President Donald Trump continues to boast about creating the best American economy ever, but he also continues to urge the Federal Reserve Board to pursue the sort of monetary policy usually reserved for recessions and depressions. On Wednesday he “tweeted” that the Fed should be setting zero or even negative interests, and lamented about “A once in a lifetime opportunity that we are missing because of ‘Boneheads.‘”
We can’t claim to be Milton Friedman-level experts on monetary policy, but we think we understand the basics better than Trump seems to, and we’re cautiously hopeful that the “boneheads” at the Fed know best.
Trump’s “tweet” suggests he wants those unprecedented-in-American-history zero or negative interest rates so that he can rack up further trillion-dollar deficits at a lower cost, and perhaps allow him to refinance what America owes its international creditors. The self-proclaimed “King of Debt” believes he can negotiate the same kind of deal that left him rich even after six corporate bankruptcies cost his investors hundreds of million dollars, but we worry that the country would the have the same problem getting a line of credit that Trump has had ever since his casinos went under despite having house odds.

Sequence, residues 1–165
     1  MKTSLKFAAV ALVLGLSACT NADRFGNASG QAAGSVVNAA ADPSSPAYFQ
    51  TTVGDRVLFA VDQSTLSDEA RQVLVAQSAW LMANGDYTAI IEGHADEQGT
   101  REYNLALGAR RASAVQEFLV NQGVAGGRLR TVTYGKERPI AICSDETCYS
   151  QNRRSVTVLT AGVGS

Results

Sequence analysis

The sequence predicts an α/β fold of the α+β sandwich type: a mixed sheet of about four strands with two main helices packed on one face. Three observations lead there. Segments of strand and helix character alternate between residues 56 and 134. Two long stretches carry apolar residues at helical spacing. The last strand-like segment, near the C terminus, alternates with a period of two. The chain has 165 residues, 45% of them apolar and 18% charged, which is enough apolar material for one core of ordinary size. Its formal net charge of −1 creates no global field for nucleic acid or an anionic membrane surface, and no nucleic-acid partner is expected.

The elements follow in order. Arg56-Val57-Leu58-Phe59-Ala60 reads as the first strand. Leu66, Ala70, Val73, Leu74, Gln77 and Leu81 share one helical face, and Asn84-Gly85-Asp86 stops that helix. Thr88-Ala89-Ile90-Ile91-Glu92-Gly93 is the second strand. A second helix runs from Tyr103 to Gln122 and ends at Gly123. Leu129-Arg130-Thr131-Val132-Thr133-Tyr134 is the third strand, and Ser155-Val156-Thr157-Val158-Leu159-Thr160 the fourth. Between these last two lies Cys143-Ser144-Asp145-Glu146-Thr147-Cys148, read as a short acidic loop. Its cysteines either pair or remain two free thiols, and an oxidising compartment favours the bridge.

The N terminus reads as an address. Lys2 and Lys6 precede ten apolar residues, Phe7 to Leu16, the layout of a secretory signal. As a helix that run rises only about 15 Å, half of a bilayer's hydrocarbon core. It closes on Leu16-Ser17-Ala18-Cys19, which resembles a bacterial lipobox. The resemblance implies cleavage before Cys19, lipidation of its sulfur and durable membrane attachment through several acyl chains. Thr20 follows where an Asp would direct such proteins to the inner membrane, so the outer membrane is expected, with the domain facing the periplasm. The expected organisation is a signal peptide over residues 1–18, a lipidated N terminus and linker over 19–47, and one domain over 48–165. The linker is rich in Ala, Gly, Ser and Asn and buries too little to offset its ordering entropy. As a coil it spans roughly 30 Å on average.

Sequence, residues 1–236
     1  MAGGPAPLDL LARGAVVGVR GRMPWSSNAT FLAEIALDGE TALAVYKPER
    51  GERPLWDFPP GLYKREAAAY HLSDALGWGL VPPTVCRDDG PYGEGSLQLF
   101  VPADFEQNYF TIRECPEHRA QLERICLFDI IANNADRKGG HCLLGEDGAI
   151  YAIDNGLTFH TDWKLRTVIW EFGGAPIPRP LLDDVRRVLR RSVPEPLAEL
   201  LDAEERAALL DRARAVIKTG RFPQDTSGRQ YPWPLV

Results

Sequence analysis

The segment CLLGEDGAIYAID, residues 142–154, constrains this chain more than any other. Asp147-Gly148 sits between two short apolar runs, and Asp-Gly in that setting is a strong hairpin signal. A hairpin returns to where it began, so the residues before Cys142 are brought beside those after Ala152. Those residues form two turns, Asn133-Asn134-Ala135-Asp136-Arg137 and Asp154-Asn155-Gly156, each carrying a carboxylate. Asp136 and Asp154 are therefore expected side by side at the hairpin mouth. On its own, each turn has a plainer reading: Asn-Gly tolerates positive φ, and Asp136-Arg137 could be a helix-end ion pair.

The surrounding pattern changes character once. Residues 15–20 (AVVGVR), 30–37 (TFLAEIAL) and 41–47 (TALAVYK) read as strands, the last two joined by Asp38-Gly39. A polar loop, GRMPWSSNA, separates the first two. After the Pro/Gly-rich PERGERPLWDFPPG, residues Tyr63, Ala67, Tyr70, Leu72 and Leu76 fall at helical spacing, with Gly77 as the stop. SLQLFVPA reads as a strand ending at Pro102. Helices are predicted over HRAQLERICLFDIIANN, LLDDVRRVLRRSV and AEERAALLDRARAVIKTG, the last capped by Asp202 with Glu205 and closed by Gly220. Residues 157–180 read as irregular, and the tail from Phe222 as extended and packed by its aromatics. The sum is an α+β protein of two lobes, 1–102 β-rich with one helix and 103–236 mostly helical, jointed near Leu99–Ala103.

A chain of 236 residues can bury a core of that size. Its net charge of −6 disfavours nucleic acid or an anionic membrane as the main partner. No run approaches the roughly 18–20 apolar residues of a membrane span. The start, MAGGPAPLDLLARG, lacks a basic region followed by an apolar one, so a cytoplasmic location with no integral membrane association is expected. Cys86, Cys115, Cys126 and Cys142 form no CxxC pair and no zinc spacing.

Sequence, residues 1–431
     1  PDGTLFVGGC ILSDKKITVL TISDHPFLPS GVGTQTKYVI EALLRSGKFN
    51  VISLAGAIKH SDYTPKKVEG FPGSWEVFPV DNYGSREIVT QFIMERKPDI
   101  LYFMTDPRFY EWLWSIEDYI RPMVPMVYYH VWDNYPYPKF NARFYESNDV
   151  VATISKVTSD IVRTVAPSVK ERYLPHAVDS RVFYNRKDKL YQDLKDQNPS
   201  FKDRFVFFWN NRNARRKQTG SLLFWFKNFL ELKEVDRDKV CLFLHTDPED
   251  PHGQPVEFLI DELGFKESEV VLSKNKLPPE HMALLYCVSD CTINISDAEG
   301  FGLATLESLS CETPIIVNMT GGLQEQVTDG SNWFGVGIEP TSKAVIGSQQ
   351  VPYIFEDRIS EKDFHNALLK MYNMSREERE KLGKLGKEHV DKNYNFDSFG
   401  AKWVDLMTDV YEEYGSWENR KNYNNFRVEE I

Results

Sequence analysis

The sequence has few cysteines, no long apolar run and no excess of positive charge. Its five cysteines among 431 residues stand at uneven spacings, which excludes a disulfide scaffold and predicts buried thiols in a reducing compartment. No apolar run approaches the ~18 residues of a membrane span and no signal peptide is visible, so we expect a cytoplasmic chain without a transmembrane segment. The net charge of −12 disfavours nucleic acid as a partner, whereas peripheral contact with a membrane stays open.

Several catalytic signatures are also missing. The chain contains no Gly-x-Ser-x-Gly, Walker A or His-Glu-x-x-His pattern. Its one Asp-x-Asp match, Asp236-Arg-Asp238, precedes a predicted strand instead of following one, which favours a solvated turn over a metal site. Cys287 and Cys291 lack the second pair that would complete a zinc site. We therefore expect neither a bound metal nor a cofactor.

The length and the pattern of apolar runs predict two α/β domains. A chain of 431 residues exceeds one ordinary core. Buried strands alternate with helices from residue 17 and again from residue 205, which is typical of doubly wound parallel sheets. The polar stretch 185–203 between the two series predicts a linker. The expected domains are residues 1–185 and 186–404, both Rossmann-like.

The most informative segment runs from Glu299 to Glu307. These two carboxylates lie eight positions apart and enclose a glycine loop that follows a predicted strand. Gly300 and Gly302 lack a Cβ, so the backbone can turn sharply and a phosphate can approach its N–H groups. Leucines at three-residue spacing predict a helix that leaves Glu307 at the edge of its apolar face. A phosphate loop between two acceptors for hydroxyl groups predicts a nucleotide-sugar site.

The “tweet” enviously notes that other countries have gone to zero or negative rates, but all of those countries are going into recession, partly because of the slowdown in the global economy that has followed Trump’s trade wars with just about everyone. Recessions require interest rate cuts and deficit spending, at least according to the consensus of economists on both the left and right, which has proved pretty reliable over the past many decades, but the best economy ever should be able to cruise along on the very low interest rates the Fed has lately set. Should the recent slowdown in the American economy slide toward recession, the Fed will need to be able to make cuts, and needs to keep that ammunition in reserve.
The “tweet” didn’t mention it, be we will note that four of the five Fed board governors and the Fed chairman — the aforementioned “boneheads” — were appointed by Trump. Trump also spent much of Wednesday denigrating newly defenestrated national security advisor John Bolton, the third man to hold the post in less than three years, calling him “not smart” and blaming him for starting the Iraq war, and Trump has had similarly unkind things to say about many of the people he appointed to powerful positions.
In his election campaign Trump promised he’d only hire “the very best people,” and he’ll probably repeat the claim during his reelection campaign, but that’s like saying the best economy ever needs negative interest rates.
— Bud Norman